BIDWELL, Ohio — Garrett Young decided to dive into high school swimming.
Now, he plans to make his next splash at Malone University.
That’s because Young, a senior at River Valley High School, officially announced on Tuesday his intention to swim collegiately for the NCAA Division II Pioneers.
Young’s announcement took place in the River Valley High School Media Center, as he was flanked by his parents Ryan and Michelle Young, River Valley High School swim coaches Robin Schlater and Kyle Rhodes, River Valley High School Athletic Director Rich Stephens and River Valley High School Principal T.R. Edwards.
“I’m very excited about the opportunity in front of me at Malone,” said Young. “Malone reached out to me and it was very powerful in helping me make a decision.”
While Young has swam his entire life through club swimming, his interest in the sport spiked as a swimmer for the Raiders.
“In high school, I got interested in swimming in college, and so we started looking at all of these college swim programs and started reaching out to them,” he said.
Young said he was especially interested in the University of Indianapolis, but that school didn’t desire him quite like Malone did.
Young said at last weekend’s district meet, Malone swimming and diving head coach Russ Hunt made a surprise visit to watch him compete.
“That meant a lot to me,” said Young.
Young swam for four years at River Valley, and qualified for the district meet his final two seasons as a member of the Raiders’ medley relay team.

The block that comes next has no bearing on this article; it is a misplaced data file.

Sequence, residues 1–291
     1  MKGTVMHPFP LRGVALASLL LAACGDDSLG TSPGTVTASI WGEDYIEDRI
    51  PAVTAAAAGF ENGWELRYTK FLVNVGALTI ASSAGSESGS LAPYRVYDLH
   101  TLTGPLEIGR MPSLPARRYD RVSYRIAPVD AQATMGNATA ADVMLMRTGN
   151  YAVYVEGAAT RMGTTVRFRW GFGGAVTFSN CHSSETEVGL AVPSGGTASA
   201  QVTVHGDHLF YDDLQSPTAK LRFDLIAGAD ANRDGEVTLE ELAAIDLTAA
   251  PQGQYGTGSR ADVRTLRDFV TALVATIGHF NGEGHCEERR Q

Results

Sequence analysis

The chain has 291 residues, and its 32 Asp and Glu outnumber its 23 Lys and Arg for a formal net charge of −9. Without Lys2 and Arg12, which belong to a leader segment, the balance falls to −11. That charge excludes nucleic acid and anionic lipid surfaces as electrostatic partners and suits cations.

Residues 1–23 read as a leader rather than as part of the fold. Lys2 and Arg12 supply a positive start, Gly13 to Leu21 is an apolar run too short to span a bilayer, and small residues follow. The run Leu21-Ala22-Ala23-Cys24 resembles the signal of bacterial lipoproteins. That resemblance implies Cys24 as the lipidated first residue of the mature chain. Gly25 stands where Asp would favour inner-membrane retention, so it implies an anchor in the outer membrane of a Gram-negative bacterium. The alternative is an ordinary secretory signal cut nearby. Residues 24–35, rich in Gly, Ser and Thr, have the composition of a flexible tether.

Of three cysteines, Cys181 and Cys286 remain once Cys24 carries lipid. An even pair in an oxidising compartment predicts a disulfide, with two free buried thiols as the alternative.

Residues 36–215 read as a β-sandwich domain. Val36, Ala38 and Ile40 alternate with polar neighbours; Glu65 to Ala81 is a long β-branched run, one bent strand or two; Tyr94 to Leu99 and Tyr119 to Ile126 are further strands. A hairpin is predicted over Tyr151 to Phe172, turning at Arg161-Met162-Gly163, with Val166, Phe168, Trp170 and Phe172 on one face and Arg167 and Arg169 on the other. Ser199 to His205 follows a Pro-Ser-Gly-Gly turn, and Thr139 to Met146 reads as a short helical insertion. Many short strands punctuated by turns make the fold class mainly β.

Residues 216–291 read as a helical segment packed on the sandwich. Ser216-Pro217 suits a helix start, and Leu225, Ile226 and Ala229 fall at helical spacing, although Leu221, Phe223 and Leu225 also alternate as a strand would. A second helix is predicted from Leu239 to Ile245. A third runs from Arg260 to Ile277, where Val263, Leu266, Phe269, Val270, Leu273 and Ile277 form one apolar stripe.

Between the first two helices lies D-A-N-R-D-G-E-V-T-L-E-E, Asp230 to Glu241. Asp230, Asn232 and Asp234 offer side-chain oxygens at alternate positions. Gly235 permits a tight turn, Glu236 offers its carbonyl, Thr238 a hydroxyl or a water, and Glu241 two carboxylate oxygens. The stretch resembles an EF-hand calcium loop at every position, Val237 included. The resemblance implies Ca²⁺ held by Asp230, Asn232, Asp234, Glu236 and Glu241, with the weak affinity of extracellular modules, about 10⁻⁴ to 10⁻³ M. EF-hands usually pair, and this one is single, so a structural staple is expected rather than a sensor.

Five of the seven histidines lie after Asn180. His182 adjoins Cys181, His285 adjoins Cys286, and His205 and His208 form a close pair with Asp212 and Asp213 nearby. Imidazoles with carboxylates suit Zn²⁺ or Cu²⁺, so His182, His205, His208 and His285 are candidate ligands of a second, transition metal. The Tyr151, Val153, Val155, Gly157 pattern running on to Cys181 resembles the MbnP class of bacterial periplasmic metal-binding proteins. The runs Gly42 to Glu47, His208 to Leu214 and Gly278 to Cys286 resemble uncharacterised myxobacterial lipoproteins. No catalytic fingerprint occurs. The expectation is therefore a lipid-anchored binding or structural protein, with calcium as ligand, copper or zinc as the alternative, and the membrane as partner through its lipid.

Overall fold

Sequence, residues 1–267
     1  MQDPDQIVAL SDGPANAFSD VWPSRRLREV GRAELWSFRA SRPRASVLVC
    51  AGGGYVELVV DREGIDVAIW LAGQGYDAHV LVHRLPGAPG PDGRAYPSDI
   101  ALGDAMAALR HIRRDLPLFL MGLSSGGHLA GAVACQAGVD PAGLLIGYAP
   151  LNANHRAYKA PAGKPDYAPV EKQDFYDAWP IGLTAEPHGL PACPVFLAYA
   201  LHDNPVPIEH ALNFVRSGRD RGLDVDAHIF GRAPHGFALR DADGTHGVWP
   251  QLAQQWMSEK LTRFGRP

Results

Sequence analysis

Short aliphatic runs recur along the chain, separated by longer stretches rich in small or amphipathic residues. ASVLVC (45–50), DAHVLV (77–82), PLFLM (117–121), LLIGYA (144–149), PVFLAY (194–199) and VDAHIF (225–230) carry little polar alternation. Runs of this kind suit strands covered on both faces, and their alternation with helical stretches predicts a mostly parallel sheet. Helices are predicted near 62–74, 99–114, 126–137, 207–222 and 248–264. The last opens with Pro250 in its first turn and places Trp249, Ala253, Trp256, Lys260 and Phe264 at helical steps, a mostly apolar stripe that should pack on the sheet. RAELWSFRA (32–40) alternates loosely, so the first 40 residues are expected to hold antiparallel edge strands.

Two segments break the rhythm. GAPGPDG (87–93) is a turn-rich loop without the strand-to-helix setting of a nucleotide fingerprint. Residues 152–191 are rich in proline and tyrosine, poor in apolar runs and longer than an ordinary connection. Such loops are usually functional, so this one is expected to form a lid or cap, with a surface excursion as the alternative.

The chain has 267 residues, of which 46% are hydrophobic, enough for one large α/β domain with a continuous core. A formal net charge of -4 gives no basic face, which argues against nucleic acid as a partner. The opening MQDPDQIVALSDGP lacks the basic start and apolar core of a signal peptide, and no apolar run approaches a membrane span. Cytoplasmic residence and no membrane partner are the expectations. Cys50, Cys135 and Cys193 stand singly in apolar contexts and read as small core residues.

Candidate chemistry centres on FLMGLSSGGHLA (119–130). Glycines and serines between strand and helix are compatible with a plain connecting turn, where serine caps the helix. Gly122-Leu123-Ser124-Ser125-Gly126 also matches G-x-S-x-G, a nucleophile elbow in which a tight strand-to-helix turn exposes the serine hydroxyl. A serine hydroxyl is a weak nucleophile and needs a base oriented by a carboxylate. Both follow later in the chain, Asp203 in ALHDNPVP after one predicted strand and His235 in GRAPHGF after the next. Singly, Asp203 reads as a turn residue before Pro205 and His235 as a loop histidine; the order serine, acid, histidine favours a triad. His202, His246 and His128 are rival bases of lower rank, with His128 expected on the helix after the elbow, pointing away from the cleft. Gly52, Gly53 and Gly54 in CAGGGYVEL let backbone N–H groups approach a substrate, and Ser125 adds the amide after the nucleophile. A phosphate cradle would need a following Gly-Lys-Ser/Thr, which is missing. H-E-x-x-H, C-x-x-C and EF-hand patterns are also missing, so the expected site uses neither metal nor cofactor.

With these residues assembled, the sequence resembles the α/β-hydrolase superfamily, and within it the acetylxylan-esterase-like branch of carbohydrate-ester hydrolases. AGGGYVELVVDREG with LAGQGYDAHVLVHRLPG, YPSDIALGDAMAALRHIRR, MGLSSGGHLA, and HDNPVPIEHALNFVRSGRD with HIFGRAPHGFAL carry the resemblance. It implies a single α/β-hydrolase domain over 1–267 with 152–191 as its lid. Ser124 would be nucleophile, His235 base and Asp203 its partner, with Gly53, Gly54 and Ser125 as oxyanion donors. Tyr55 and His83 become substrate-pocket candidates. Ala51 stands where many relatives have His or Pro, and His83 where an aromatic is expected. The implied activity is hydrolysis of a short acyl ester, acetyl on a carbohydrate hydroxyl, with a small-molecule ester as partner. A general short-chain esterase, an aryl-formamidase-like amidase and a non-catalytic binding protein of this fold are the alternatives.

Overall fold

In fact, that Raiders’ relay team which also included Nick Young, Ethan Cline, George Rickett and Bailey Rhodes recorded a new school record at the district meet.
Individually, Young qualified for the district meet this year in the 100m breaststroke —after finishing 31st at the sectional meet last season and just narrowly missing.
Schlater has been Young’s head coach the past two seasons at River Valley.
“He (Young) has meant a lot to our program,” she said. “Even last year after the season, he decided to swim all year-round with me. That way, he could get better and he served as the driving force for the team for this year. He was our coaches’ choice for captain, because he showed the drive and the will to want to be at the pool and put in the work. He is a really good kid.”
Young said he practices every single solitary day.
Then again, that is understandable.
“There is a lot of practice and it takes a lot of energy,” he said. “We have practice every day after school for close to two hours. But that’s like all we get pool time for. I’m sure coach would like to have us in the pool a little bit more. Then there is club practice also, and that is one-and-a-half (hours).”
Malone is a private university located in Canton, and its swimming and diving program competes in the Appalachian Swim Conference.
Young, who plans to major in Environmental Studies, said the university has “very good academics” and “very good internship programs.”
“Once you graduate, their job acceptance rate is very high too,” he said.
For Young, it sounds like the perfect place for him to take his next dive and make his next splash.
“He’ll have a lot to build on for next year. But just the amount of extra time he spends in the pool already is going to help him out a lot too,” said Schlater.
Paul Boggs can be reached at 740-446-2342, ext. 2106